Celebrating the best of British animation with Aardman's 'Early Man'

26 Jan 2018 BY Michael Prescott in Film Features

6 mins
Early Man
Early Man

Aardman Animations are a British institution, a Bristol-based studio responsible for the creation of films such as Chicken Run and Shaun the Sheep Movie, characters including Morph and Wallace & Gromit, plus TV show Creature Comforts. Their latest, Early Man, is a stop-motion comedy in which co-founder Nick Park directs his first solo feature.

Set during the dawn of humankind, it follows caveman Dug (voiced by Into Film ambassador Eddie Redmayne) and his tribe whose valley home - and way of life - comes under threat from a Bronze Age civilization, led by the wicked Lord Nooth. After being turfed out of this familiar setting, Dug finds himself carted to the Bronze Age city and accidentally ends up disguised as one of the players in a confusing new game… a newly-invented sport called football. After removing his armour and revealing himself to be an imposter, he challenges Lord Nooth to a winner-takes-all match to save his homeland. The only problem is neither he nor his tribe have ever played the game before, and have no idea how it works!

With the aid of a Bronze Age girl named Goona - one of many puns in the film - the cavemen learn the rules of the game and practice in preparation for the big showdown. Evoking films like Bend It Like Beckham, the film takes on the structure of many a classic underdog sports movie, from The Mighty Ducks to Eddie the Eagle, culminating in a high-stakes game of football in which an elite team face off against a group of amateurs who have seemingly little hope of victory.

In an interview with the UK film magazine Sight & Sound, director Nick Park also references plucky underdog hits such as The Full Monty. Early Man also has a hint of Billy Elliot about it: a British feel-good sports story which rallies against gender stereotypes. Furthermore, these are both about working class characters set in northern towns, and this is a trope which Aardman's animation really embraces (harking back to the studio's debut feature, Chicken Run). Dug's tribe have an assortment of regional accents resembling modern cities including Birmingham, Manchester and Newcastle. It's a small but significant touch, which allows a young person to hear a range of accents - and perhaps even something resembling their own voice - represented on screen.

This is also used as a gentle source of humour. One of the tribe being frightened by the prospect of being confined to a mine for the rest of his life before suddenly exclaiming "what's a mine?" in a Midlands twang, as seen in the trailer, is a nice example of this. The laughs throughout are trademark Aardman: full of silly slapstick moments, physical comedy set-pieces and faintly rude humour, evoking silent films and its more modern incarnations including characters such as Mr. Bean. The Stone/Bronze Age setting is also used to set up and deliver a number of jokes, including a Flintstones-like approach to using animals in creative ways, from shaving to shoes.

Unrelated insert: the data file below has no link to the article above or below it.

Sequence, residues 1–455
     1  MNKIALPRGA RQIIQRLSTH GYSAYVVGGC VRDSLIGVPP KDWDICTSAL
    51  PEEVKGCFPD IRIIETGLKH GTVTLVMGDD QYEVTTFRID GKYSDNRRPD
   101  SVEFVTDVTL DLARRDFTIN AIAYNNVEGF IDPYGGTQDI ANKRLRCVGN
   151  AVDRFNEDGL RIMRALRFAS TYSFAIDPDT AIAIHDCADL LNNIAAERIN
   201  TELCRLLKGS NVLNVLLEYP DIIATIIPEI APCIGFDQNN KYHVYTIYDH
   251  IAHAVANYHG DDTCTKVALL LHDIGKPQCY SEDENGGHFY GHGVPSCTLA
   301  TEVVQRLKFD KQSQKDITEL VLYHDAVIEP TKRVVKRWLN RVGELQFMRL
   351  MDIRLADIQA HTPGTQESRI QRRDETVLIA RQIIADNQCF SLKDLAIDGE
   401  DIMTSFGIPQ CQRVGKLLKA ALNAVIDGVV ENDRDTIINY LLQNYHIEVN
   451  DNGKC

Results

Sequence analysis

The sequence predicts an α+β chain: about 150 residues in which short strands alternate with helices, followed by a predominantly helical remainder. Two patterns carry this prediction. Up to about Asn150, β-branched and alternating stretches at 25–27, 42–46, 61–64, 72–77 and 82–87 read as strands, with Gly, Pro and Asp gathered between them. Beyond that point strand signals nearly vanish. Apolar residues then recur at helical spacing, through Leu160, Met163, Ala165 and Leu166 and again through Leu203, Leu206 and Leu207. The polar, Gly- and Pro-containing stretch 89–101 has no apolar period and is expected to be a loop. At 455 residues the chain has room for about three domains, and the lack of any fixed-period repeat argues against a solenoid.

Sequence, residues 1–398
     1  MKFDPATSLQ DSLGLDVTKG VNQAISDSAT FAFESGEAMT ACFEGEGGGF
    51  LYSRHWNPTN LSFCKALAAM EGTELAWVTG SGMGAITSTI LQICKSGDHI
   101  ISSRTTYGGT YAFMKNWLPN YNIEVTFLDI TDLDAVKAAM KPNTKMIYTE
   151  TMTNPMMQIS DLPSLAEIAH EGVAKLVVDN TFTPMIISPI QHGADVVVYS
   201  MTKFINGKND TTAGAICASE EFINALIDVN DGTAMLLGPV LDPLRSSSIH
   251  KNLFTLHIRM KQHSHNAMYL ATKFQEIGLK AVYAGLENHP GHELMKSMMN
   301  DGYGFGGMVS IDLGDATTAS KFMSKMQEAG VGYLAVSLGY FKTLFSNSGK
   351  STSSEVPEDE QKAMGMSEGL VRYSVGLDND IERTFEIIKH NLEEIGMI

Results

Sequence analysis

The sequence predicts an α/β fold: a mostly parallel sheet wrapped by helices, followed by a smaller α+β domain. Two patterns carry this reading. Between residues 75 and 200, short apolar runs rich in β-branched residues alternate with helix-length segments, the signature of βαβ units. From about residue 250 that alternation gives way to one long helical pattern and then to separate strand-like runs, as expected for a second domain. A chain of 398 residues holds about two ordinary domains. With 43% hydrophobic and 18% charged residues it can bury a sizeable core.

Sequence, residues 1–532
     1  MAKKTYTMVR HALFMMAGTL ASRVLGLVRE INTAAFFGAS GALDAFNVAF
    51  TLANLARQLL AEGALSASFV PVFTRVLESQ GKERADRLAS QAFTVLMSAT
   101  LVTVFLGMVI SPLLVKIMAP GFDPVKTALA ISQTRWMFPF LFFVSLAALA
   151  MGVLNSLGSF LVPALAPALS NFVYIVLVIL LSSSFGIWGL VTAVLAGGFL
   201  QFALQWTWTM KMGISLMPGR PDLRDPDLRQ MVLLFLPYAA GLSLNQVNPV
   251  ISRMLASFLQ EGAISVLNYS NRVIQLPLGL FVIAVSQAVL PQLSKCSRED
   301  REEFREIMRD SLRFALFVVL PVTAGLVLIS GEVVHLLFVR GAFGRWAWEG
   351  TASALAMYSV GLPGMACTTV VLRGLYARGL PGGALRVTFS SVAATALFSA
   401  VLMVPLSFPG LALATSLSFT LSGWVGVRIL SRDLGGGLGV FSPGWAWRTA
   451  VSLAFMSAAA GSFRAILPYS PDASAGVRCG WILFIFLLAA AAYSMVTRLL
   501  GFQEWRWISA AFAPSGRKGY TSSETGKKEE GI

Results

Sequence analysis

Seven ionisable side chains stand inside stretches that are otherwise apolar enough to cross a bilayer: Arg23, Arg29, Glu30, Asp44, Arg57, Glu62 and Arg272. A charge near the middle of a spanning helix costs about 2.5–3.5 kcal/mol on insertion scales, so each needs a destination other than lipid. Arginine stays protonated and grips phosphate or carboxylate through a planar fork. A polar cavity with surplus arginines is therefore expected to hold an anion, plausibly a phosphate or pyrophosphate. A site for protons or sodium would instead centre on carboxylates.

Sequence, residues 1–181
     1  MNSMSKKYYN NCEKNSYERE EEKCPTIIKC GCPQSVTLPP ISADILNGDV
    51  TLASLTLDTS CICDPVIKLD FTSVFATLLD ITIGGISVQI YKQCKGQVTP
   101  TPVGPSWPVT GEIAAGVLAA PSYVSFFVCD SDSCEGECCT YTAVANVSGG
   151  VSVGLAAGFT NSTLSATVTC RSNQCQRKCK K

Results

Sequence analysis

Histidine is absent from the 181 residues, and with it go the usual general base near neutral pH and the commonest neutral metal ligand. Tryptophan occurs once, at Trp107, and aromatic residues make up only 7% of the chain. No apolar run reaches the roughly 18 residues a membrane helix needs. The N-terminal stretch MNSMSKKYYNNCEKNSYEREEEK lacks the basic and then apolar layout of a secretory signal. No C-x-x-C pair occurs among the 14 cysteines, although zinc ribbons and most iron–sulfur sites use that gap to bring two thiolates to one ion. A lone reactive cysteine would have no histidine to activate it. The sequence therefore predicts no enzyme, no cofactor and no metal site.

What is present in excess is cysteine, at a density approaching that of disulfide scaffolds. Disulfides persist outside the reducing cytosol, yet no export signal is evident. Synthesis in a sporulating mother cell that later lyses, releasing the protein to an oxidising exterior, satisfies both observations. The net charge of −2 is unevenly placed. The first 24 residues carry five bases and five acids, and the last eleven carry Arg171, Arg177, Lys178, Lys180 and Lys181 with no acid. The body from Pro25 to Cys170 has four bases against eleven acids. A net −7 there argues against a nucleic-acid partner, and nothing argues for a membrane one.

The prehistoric era is also a source of adventure and imagination in titles such as Ice Age and The Good Dinosaur, feeding into our curiosity about the world and its development, be it through geography, history or science. These films - as well as previous Aardman titles - share a love of animals. Titles like Chicken Run and Shaun the Sheep Movie are creature-centric in which we enter worlds dominated by animals, just as Toy Story invites us to revel in a universe of talking toys. Even in their films The Pirates! In an Adventure with Scientists and Arthur Christmas, sidekick animals, creatures or pets - such as parrots and reindeer - are integral. In Early Man, Dug is accompanied by his trusty pet boar who acts as the Gromit to his Wallace, and a funny messenger bird is sure to provoke chuckles from young audiences.

The intimate and intricate Claymation takes a great deal of time, effort and dedication, and the influence of animation pioneer Ray Harryhausen (Jason and the Argonauts), from setting to style, is clear to see. Aardman's attention-to-detail means that each character has his or her own individual look using a mix of Plasticine, silicon and wire. There's also a contrast between the movement, costumes and facial features of the Stone and Bronze Age characters; the more "advanced" civilisation have smaller teeth and smoother bodies, for instance. The film's animation director Will Becher reveals more on our YouTube channel, and you can also watch our behind-the-scenes video of the making of the Shaun the Sheep Movie.

We've recently put together seven film lists to celebrate the many crafts of animation, including stop-motion, as well as hand drawncut-outrotoscopingVFX3D/CGI, and the history of the genre. There will also be a series of screenings around the country in March 2018 which celebrate women in animation for International Women's Day (8th March) and the BFI's Anim18 initiative. Like their celebrated back-catalogue, Early Man will entertain and charm young audiences with its silly, slapstick humour as well as providing encouragement on the many benefits of sport, from teamwork to persistence, as the studio continues to represent the best of British animation through their impressive work.

Michael Prescott

Michael Prescott, Film Curation Officer

Michael has an MA in Film Studies with Screenwriting from Sheffield Hallam University. He has previously worked at the British Council and on the BFI Film Academy, and has volunteered at organisations including Sheffield Doc/Fest and Cinema for All.

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